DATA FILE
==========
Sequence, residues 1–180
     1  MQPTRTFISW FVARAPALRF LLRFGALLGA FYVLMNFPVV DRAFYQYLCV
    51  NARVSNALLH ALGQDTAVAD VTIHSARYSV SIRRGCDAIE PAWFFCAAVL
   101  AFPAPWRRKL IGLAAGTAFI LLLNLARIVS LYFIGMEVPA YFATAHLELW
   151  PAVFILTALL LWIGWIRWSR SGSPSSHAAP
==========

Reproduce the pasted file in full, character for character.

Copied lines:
Sequence, residues 1–180
     1  MQPTRTFISW FVARAPALRF LLRFGALLGA FYVLMNFPVV DRAFYQYLCV
    51  NARVSNALLH ALGQDTAVAD VTIHSARYSV SIRRGCDAIE PAWFFCAAVL
   101  AFPAPWRRKL IGLAAGTAFI LLLNLARIVS LYFIGMEVPA YFATAHLELW
   151  PAVFILTALL LWIGWIRWSR SGSPSSHAAP